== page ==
THE recent parliamentary session saw the passing of a number of laws with the intention of enhancing financial reporting of public-listed companies in Malaysia. Given that sound and reliable financial information is critical for a healthy capital market, the changes in the laws would provide additional measures in regulating financial reporting and auditing of companies listed on the Malaysian stock exchange.
One of the amendments to the Capital Market and Services Act (CMSA) is the introduction of a new legal provision which prohibits any person from influencing, coercing, misleading or authorising other persons who are involved in the preparation of or the performance of audit of the financial statements of listed corporations which would cause the financial statement to be false or misleading.
The penalty for breaching the above provision is imprisonment for a term not exceeding 10 years and a fine not exceeding RM10 million.
Given the severity of the punishment, those who are involved in the financial reporting chain of listed corporations such as directors, senior management and the members of the financial reporting team should evaluate their present reporting process and ensure adequate controls and safeguards are put in place to avoid the risks of producing financial statements which are false and misleading.
At the same time, the Securities Commission Act has also been amended to establish the long-awaited Audit Oversight Board (AOB) which is expected to develop and promote an effective audit oversight framework as well as enhancing the confidence and reliability of audited financial statements in Malaysia. The AOB would be dealing with auditors who audit the financial statements of public interest entities such as listed corporations and financial institutions.
Among the roles of the AOB is to register auditors of the public-listed entities and conduct inspections and monitoring programmes on auditors to assess the degree of compliance of auditing and ethical standards. What is interesting is that the law now requires auditors to be registered with the AOB on an annual basis.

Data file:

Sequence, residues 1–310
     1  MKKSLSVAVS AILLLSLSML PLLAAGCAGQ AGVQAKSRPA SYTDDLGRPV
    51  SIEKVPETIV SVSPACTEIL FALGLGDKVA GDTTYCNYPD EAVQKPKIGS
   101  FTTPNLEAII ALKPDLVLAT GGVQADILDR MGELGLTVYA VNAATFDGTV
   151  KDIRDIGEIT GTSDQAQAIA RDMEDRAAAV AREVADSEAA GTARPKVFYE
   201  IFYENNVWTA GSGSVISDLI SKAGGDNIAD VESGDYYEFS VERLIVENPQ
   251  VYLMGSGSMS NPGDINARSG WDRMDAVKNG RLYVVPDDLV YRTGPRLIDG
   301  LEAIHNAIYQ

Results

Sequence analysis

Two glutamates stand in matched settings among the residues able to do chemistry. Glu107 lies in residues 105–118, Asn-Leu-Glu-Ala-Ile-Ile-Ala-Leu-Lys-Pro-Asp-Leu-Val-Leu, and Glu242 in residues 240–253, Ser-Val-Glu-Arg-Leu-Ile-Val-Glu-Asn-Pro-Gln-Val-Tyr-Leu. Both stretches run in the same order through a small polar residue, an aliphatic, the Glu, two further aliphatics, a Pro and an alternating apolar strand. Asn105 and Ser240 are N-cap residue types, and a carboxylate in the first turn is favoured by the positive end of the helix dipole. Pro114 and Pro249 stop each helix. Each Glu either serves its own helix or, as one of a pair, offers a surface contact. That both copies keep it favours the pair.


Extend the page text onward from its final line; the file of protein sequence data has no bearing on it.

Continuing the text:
The AOB is also empowered to reject registration, revoke or suspend registration if the auditors had breached certain laws or failed to comply with the relevant standards expected of a professional accountant.
Inspections conducted by the AOB would allow the board to assess how far auditing firms comply with the quality control, auditing and ethical standards which are the key ingredients of quality auditing. The AOB is also empowered to conduct inquiry on the auditing firm if the inspections result in adverse findings or upon receiving notice issued by the Securities Commission.
A wide range of sanctions could be used by the AOB in its enforcement actions. Auditors who are found to be in breach of the newly introduced law could be directed to comply with certain requirements, reprimanded, assigned a reviewer to oversee the audit undertaken by them, prohibited from accepting public interest entities audit or imposed a penalty not exceeding RM500,000.
The AOB would be working together with our oversight bodies such as Bank Negara Malaysia, Companies Commission and the Malaysian Institute of Accountants (MIA) to avoid the duplication of roles and efforts. Auditors auditing private companies would continue to be regulated by the Companies Commission and the MIA.
It is hoped that these new measures would position our financial reporting quality to be at par with or ahead of other markets. While these measures provide the regulators with more options in overseeing the conduct of the market players, the desired result in enhancing the reliability of financial information is ultimately driven by the leaderships of corporations themselves. The board has the responsibility to set the tone and this would then be cascaded through a robust reporting process with the support of highly qualified people who uphold the highest level of integrity and professional standards.
The fact that Malaysia is converging into the full adoption of the International Financial Reporting Standards by 2012 would make the journey more challenging, especially for companies who have not been investing in high-quality personnel to steer their financial reporting process. The first step that audit committees should take in the New Year is to have an end-to-end review of the financial reporting process, identify possible risks and start mapping measures in mitigating the risks, including fraud, that may be identified.
We would certainly see a different financial reporting landscape in 2010. Some may see this change as an additional burden; some would be welcoming the changes as new injection of life in enhancing governance in Malaysia.
Ultimately, we Malaysians would benefit most if these new measures result in us being associated with integrity, honesty and good governance more than ever.
This article is also published at the Edge Malaysia website here:
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